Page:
New York: Poverty or parental abuse can lead to cancer and heart diseases in later life, according to a study.
American researchers have found that growing up in poverty or being abused by parents during childhood lead to adult behavioural problems and diseases.
“Childhood disadvantage has long-term health consequences much longer than most of us realise,” said Kenneth F Ferraro from Purdue University.
“A novel aspect of this study is that childhood disadvantage is linked to the onset of new health problems decades later,” Ferraro added in the paper published in a journal in American Sociological Review.
To measure health changes in the adult population, data of 1,748 adults was collected in two waves.
Wave 1 was in 1996 with participants in the age of 25 to 74 years and Wave 2 was in 2006 with participants in the age of 35 to 84 years.
“However, when we revisited the participants 10 years later, childhood poverty and frequent abuse were related to the onset of health problems, such as cancer and heart disease, even after we adjusted to risk factors including health lifestyle and socio-economic status,” Ferraro explained.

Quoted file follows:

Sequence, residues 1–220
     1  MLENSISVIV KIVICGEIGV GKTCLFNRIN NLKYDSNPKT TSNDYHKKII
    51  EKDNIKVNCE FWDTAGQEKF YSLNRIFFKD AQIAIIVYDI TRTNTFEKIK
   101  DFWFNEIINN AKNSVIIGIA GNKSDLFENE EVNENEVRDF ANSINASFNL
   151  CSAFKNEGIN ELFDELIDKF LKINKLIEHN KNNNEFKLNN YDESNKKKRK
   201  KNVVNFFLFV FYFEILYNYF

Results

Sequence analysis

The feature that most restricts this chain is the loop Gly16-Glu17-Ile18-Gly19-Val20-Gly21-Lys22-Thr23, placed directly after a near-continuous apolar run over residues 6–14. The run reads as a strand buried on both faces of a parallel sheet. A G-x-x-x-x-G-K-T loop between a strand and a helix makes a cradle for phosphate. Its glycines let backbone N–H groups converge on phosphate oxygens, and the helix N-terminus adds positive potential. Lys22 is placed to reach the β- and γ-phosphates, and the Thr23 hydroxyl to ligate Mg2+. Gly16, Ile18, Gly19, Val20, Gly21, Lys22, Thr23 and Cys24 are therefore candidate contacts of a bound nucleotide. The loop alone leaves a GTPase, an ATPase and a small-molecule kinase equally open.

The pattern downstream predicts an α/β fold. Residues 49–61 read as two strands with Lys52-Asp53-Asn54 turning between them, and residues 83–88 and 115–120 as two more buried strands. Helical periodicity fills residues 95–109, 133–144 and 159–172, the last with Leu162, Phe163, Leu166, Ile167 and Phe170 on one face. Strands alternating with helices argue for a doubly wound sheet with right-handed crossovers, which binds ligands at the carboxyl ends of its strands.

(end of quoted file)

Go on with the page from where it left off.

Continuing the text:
In addition to childhood poverty and parental abuse, family composition was also measured.
The link between the childhood experiences and adult outcomes were examined for potential mediating effects.
Family composition affected four of the 14 outcomes, including the likelihood of smoking and financial strain during adulthood.
In comparison, childhood poverty affected nine outcomes and parental abuse affected 11 outcomes, such as smoking and heavy alcohol consumption.
If both parents were abusive, it escalated the risk of health problems.
“But, now that we have identified some of the early origins of adult disease, we should focus on greater resources, even during midlife, to break the chain of risks,” Ferraro said.